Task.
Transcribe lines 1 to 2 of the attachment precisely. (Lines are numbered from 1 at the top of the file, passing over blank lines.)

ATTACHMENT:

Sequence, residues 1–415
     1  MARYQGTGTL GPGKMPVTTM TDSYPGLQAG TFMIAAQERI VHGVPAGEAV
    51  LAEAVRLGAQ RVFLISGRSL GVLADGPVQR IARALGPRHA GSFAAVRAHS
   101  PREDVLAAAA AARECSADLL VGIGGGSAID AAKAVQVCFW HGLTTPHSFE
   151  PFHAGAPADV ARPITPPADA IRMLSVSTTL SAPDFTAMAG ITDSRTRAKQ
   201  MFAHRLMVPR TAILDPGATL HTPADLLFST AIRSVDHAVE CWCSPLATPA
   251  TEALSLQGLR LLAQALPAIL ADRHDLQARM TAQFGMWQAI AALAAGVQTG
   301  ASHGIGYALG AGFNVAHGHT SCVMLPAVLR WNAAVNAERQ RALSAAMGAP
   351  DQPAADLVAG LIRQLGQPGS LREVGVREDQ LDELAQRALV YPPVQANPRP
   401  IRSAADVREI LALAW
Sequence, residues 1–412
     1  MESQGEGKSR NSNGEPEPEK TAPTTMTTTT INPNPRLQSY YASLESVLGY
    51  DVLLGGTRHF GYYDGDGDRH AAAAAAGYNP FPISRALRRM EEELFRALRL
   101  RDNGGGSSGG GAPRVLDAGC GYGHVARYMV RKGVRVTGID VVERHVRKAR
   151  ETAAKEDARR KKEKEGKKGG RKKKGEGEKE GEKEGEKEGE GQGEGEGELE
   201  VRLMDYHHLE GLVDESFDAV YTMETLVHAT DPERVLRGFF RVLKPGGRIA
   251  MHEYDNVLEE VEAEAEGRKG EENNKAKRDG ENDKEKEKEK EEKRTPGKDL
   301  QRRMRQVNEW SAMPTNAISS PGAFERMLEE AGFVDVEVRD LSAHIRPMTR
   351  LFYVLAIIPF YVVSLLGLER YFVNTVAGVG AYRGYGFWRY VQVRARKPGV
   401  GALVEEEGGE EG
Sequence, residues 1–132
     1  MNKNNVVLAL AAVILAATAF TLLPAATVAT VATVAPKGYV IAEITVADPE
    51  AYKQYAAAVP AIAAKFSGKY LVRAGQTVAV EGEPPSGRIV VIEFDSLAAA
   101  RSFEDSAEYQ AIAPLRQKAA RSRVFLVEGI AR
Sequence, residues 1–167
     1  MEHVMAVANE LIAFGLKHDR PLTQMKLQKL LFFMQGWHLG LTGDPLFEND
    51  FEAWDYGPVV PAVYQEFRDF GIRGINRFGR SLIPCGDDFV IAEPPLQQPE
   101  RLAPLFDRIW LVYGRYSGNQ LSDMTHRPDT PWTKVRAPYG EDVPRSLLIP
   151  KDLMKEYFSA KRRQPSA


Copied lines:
Sequence, residues 1–415
     1  MARYQGTGTL GPGKMPVTTM TDSYPGLQAG TFMIAAQERI VHGVPAGEAV